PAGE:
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“The Natural History of Destruction”: Interview with Sergei Loznitsa

The film opens with a simple shot of the sky. Although the image is in black and white, it’s clear that we’re looking at a blue mid-summer day. A fluffy cloud covers the bright sun and slightly darkens the sky, with rays of sunlight peeking through.

The very first frame of the documentary The Natural History of Destruction, by Sergei Loznitsa, is a perfect allegory for the film’s subject, as we later learn that the opening footage is that of Germany just before the full-blown breakout of World War II. The film is comprised of never-before-seen archive footage leading up to and during the war. The story that unfolds on a screen captivates with unique images accompanied by various sounds. By following each other they increasingly change the tone and mood from idyllic to nightmarish. If the opening artistically represents the importance of recognizing the coming of dark times, the finale of the movie that presents disastrous ruins in place of a once flourishing city, passionately calls to prevent a future catastrophe caused by human mistreatment of fellow human.   


The title of the film is based on the book “On the Natural History of Destruction” by W.G. Sebald, which was published in 1999. The German writer, who is often called “the most revered writer of the second half of the 20th century,” deals with the trauma of the Second World War, and especially its effect on the German people – not a very popular subject, even in Germany. But if this part of history isn’t addressed by society and remains “a shameful family secret,” isn’t there danger that it will happen again?

It is not the first time that Sergei Loznitsa, one of the most distinguished documentarists and filmmakers, has been drawn to the work of W.G. Sebald. The 2016 movie Austerlitz, that was inspired by the last novel of the German writer, observes the visitors at the Nazi concentration camps in order to understand why they go there and what they are looking for. The Natural History of Destruction offers to observe the aerial bombings of the cities during World War II to see the extent of the devastation suffered by those cities and to understand why it happened and what should be done to avoid it in the future.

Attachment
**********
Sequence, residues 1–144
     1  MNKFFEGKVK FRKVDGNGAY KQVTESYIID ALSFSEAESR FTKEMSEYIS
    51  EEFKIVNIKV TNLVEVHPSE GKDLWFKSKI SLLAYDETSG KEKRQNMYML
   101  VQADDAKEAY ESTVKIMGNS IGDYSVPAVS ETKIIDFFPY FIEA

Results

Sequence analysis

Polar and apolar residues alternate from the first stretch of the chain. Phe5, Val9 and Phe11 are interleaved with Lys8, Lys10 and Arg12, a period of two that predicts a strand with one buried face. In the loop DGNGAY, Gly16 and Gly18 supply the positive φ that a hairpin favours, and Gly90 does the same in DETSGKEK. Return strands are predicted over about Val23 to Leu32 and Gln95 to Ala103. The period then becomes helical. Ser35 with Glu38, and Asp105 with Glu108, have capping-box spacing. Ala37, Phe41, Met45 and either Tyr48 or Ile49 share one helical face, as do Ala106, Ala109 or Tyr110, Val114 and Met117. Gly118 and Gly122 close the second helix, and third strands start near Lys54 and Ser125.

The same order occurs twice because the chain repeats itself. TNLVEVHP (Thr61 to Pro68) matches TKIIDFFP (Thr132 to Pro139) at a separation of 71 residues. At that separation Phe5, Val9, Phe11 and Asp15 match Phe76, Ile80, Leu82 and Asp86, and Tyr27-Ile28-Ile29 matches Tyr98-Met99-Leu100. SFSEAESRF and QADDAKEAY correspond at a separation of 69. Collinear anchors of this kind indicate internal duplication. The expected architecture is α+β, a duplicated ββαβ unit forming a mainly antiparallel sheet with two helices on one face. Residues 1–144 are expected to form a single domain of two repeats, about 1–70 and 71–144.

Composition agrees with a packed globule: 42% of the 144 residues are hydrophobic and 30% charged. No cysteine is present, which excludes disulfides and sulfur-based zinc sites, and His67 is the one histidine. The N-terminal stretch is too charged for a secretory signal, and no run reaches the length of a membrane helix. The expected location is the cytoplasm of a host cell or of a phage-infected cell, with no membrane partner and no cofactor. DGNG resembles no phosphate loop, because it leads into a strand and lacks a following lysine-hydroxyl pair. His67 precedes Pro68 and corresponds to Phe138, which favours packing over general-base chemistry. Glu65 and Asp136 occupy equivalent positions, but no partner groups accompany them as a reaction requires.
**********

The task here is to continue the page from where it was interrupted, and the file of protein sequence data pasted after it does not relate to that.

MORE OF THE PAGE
The Belarus-born, Ukraine-raised, Russian-speaking Sergei Loznitsa, who has lived for more than 20 years in Germany, is proud to be called a cosmopolitan, in the original meaning of this term. As a citizen of the world, he publicly condemned the Russian invasion of Ukraine, calling the war “the battle between Good and Evil” during his resignation from the European Film Academy because of their initial conformist statement in relation to the Russian act of aggression. It didn’t prevent him from being expelled from the Ukrainian Film Academy because of his opposition to the idea that “the key concept in the rhetoric of every Ukrainian should be his national identity.” At the same time, this controversial position allows him to look beyond geographical and cultural borders and examine how war affects people regardless of nationality.

Indeed, the concept of so called “strategic bombing” on the widest scale during World War II – one that often involved residential areas – was never fully condemned, and international law did not ban the aerial bombing of the cities. After the flattening of Grozny in Checnya, nothing stopped Russian pilots from bombing and destroying Syrian cities. For most Europeans, those devastations were too far away to cause concern. However, since the bombing of Charkiv, Mariupol and other Ukrainian cities, The Natural History of Destruction has become more relevant than ever.

The Natural History of Destruction, produced by companies from Germany, Lithuania and Netherlands, premiered at the 75th Cannes Film Festival. We met with Sergei at a roundtable, in-person interview at the Palace of Festival on May 25 to talk about the creative process of working with archive footage and the experience of living through today’s current events.   

Thank you very much for your movie. It was a very immersive one. When you make an archive documentary, what is the process of getting some of the elements out of that book but also applying it to your own style of filmmaking?

Well, of course the book was a starting point for me in making the film because Sebald puts forward some very important questions. First, the question of whether the perception of these events in post-war Germany is appropriate and whether it matched the reality of what happened. Of course, when I make a film, I need to find a way to express these ideas visually. 

And if we are talking about the destruction and the suffering of people, then my purpose in the film is just to focus on the destruction in order to exclude all other elements from the narrative.

For example, I exclude chronology from the narrative. I’m not interested in the facts of who did what, who went first, who went second etc. I’m not interested in this. Because the way in which we perceive chronology is that if somebody was first, somebody started first, then it means that the one who did it second was kind of acting in response, and there was a kind of revenge involved: if we enter this territory, this distracts us from the main idea of the film.